Life, Death, and Scam Accusations of the Flying Colors Anime Census

The Youtube and Twitter anime communities have been abuzz in the past two weeks. A California-based nonprofit, Flying Colors Foundation (FCF), officially launched, hit the ground running with an ambitious anime census, and closed down — all within two weeks.

Flying Colors Foundation Logo
When they launched we immediately talked with Daniel Suh, the man in charge of the foundation’s Finance and Operations, to shed some light on what FCF was all about. At the time, nobody expected how quickly everything would come crashing down.

This is a developing story with many different sides to it. We’ll focus on the main developments that are currently public. More information is coming to light daily and it seems that as of today the FCF Twitter is now private and their website has been suspended by their hosting provider.

In summary, we’ll be covering:

  • How FCF started and the ideas behind it
  • The inspiration for the 2018 Anime Census
  • The scandals and revelations brought forward by the community
  • FCF responses and subsequent shutdown

So strap in and get ready because the past two weeks have been a wild ride.


The Unrepresented West

According to their official website, the Flying Colors Foundation was trying to give the Western audience representation in the Japanese focused anime industry.

Daniel shared, “We met with Gigguk [at Anime Expo 2017] and the conversation led to the question of why there was no organization to represent the Western audience.” Coincidentally, a month after Anime Expo, the popular Youtuber Joey, The Anime Man, released the survey for The Top 100 Anime Series of All Time, and the people behind the foundation saw an opportunity.

The group behind FCF, the foundation not yet officially launched at the time, collaborated with Joey to help him analyze and publish the results of his survey. Daniel noted, “The survey did extremely well and our team was convinced that this is what the online community truly wanted – a chance to express themselves”.


Gunning for a Sequel

With the success of The Anime Man’s survey, FCF launched their own ambitious census. The 2018 Anime Census aimed to reach more than 50,000 participants and get 10 million data points.

Looking at the people involved, this did not seem to be a far-fetched idea at the time. The foundation was backed by popular ‘Anitubers’ who helped promote the FCF survey to their fans.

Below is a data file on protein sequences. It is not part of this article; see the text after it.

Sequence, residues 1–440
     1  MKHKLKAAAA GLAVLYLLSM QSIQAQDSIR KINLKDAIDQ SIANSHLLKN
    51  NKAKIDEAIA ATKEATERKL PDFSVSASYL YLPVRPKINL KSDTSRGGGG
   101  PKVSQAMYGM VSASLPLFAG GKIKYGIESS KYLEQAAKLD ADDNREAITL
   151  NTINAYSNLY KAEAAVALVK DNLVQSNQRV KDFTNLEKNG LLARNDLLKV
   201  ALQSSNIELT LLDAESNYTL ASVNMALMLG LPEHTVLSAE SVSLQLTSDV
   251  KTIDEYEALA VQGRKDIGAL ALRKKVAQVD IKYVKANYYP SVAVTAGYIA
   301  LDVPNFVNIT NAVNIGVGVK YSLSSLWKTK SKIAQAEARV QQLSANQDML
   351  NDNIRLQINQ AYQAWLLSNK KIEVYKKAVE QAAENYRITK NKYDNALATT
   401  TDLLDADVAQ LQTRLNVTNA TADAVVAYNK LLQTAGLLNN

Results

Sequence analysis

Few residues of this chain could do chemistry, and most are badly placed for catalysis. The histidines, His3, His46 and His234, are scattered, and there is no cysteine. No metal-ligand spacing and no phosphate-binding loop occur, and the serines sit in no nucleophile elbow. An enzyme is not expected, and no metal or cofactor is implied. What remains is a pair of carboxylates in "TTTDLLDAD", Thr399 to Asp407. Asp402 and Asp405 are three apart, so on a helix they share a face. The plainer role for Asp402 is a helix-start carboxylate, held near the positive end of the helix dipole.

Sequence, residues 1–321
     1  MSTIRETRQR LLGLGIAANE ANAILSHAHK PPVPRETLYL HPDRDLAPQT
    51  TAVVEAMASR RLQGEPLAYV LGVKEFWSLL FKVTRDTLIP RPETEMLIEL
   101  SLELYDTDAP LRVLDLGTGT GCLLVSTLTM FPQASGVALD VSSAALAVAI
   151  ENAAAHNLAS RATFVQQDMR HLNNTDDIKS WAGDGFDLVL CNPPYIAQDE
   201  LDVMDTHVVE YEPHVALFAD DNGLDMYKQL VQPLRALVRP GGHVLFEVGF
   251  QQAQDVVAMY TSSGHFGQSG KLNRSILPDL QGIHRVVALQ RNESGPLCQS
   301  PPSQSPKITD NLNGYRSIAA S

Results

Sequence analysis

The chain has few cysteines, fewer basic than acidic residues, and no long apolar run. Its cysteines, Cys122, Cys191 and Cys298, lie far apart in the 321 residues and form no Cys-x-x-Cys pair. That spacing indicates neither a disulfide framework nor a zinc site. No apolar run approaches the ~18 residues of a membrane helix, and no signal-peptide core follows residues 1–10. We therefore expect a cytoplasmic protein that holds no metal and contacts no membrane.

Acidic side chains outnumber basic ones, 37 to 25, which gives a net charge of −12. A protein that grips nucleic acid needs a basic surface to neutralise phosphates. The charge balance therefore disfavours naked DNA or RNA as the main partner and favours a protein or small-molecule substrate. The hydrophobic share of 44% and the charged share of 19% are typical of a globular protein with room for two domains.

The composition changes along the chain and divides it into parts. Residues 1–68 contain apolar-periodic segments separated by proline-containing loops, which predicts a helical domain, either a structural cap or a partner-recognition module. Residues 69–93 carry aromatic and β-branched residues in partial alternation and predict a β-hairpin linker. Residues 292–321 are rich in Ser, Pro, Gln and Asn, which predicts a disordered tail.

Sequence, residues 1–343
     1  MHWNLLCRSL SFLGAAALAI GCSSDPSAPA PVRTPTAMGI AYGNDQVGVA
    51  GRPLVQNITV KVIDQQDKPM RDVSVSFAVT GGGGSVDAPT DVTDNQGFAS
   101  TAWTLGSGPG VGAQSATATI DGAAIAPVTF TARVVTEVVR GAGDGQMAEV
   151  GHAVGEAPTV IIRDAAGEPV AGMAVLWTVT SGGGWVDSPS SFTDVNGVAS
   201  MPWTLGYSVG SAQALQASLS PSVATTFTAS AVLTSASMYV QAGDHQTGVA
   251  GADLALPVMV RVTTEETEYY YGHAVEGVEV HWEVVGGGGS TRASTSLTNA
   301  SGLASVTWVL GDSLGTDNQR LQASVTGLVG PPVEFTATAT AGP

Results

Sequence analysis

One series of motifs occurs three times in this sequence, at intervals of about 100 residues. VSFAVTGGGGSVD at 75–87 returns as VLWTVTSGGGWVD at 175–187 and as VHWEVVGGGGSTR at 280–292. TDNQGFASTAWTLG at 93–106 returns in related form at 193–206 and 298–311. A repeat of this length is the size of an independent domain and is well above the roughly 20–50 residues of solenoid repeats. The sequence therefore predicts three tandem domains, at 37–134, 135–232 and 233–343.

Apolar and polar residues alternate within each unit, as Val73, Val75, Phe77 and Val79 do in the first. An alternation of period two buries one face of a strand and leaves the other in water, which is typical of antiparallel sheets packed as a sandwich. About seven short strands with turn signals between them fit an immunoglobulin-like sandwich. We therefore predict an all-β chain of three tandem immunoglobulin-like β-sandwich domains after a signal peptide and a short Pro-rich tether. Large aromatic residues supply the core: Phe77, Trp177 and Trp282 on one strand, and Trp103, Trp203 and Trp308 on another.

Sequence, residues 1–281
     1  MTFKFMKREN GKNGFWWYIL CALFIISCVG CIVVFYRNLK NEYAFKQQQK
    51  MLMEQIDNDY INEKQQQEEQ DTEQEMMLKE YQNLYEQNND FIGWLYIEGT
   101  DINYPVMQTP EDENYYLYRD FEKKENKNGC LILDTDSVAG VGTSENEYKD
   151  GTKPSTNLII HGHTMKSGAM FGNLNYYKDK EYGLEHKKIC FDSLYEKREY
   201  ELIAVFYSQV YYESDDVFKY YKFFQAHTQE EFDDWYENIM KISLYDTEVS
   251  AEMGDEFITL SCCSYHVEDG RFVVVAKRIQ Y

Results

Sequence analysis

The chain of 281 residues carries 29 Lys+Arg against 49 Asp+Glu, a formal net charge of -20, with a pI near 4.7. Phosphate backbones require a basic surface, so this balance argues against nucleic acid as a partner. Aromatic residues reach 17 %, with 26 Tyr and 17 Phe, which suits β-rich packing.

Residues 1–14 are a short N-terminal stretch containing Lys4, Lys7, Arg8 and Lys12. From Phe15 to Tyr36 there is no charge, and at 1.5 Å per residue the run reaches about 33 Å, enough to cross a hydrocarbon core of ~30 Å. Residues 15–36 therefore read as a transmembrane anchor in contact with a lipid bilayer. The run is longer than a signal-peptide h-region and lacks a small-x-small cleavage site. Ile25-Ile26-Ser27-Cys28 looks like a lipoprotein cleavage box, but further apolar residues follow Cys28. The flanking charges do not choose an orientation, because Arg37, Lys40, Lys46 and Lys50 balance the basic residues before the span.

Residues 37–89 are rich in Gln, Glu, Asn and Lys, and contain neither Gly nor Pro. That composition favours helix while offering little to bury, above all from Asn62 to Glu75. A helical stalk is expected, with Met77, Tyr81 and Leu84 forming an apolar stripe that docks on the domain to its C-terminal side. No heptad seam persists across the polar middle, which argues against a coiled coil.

Flying Colors Foundation Youtubers / Influencers
FCF claimed multiple times that no Anituber influencer was compensated in any way during this process, although later investigations revealed that to be not entirely true as influencers spoke out.


A Scandal at Dawn

It was about a week after the official launch of Flying Colors Foundation when rumors and negative press started to hound the organization. Most notable of these was an in-depth article by socialanigirl, Alicia Haddick, posing the question “Is the Flying Colors Foundation a Scam?”

The article pointed out that one of the staff, Francisco Lee, used to work for Loot Crate and Disney as Consumer Insight and Data Analyst.

Flying Colors Foundation Staff
This sparked a fear that the 2018 non-profit Anime Census was made for the sole purpose of data harvesting and selling analytics to companies. Finding a previous connection between Gigguk, the founders, and the for-profit company Otaku Pin Club only added fuel to the fire.

Other concerns were voiced about the lack of team transparency, intrusive census questions about mental health and income, and questionable donated profits. FCF promised to donate their profits to other non-profits but also said that they would donate to a for-profit company. It’s clearly illegal for a non-profit to give revenue they earned through donations or other non-taxable income to a for-profit company, which raised questions if the team behind FCF is simply unaware or intentionally misleading people.

Daniel shared, “We faced some issues on how to communicate FCF’s purpose in the clearest way possible on social media without causing confusion”.